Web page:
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By David Keyton, Frank Jordans, Associated Press
One hundred and ten years ago, Marie Sklodowska Curie was formally rejected for membership by the French Academy of Sciences.
By Dr. Howard Markel
Inventors claim their carbon capture “battery” could return CO2 to preindustrial levels within 40 years, but first it has some economic hurdles to overcome.
By Nsikan Akpan
Chemists have adapted emerging technology -- called nanocoils -- to dissolve microplastics and turn the pollution into food for algae.
By Berly McCoy
Manufacturers phased out flame retardants called PBDEs because of health concerns in pets and humans. New research suggests their replacements may be just as bad.
By Jamie Leventhal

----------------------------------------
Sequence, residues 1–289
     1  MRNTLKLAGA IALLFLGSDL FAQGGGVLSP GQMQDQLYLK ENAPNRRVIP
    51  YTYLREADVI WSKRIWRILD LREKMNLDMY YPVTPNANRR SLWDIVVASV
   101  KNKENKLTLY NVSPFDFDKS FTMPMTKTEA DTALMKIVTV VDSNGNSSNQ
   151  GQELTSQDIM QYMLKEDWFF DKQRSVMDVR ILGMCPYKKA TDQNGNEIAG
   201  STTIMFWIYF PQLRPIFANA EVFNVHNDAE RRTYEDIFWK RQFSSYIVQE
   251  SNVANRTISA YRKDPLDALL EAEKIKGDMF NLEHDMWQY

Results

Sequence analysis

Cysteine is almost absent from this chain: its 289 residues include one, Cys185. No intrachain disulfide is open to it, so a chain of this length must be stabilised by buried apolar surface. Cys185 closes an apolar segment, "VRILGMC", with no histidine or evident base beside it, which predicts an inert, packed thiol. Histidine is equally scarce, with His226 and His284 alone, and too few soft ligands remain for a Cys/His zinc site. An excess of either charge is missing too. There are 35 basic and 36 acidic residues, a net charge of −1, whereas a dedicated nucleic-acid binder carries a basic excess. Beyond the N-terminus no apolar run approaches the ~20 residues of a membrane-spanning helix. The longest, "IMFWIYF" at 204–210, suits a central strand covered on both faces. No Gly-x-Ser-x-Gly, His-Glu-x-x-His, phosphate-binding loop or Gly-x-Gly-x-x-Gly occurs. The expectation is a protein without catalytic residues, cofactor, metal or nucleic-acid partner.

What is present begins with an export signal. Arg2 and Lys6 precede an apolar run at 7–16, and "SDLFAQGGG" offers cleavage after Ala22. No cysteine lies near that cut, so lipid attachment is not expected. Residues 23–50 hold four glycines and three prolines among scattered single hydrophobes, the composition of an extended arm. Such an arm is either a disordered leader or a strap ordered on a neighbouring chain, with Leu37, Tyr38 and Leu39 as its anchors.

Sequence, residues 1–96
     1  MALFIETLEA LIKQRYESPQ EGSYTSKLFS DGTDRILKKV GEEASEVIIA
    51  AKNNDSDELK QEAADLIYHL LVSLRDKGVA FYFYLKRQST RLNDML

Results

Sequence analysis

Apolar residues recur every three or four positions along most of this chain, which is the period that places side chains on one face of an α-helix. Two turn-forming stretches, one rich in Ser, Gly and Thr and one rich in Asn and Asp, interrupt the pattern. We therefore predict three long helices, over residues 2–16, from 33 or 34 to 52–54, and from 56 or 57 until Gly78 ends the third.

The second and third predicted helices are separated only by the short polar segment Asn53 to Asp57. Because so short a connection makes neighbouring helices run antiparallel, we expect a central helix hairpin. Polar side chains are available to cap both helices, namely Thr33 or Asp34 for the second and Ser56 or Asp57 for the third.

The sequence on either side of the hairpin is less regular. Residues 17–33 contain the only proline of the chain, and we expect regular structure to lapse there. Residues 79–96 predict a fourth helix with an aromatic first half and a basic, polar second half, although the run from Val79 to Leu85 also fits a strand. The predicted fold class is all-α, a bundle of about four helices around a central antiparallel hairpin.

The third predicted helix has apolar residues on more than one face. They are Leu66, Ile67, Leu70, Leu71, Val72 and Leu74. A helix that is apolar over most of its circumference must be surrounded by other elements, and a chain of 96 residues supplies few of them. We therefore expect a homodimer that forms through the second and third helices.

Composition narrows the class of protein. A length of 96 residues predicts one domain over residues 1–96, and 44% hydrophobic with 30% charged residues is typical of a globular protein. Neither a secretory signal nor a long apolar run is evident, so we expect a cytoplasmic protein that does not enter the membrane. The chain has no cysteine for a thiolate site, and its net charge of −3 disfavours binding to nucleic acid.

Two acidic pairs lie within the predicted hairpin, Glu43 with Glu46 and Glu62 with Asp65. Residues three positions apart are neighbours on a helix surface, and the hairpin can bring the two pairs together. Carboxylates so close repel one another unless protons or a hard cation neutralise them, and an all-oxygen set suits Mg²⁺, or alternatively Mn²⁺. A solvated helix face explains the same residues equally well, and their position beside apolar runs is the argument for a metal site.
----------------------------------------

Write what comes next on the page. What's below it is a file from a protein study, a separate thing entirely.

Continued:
By using some chemistry and physics when baking, you can unlock a completely new range of delicious flavors in your holiday cookies.
Thanksgiving turkeys often come out dry and tasteless, but not this year. Here's how you can use basic chemistry to make a stunning main dish for you and your guests to gobble down.
Humans produce 420 million tons of plastic annually, most of which lands in the environment. With these two innovations, plastic could have a useful second life.
The question as to why they make toxins in the first place is one of the great mysteries of marine science.
By Danielle Venton, KQED
Scientists are finding a growing presence of pharmaceuticals, small pieces of plastic and household chemicals in the bodies of Pacific razor clams, Pacific oysters and remote seabirds.
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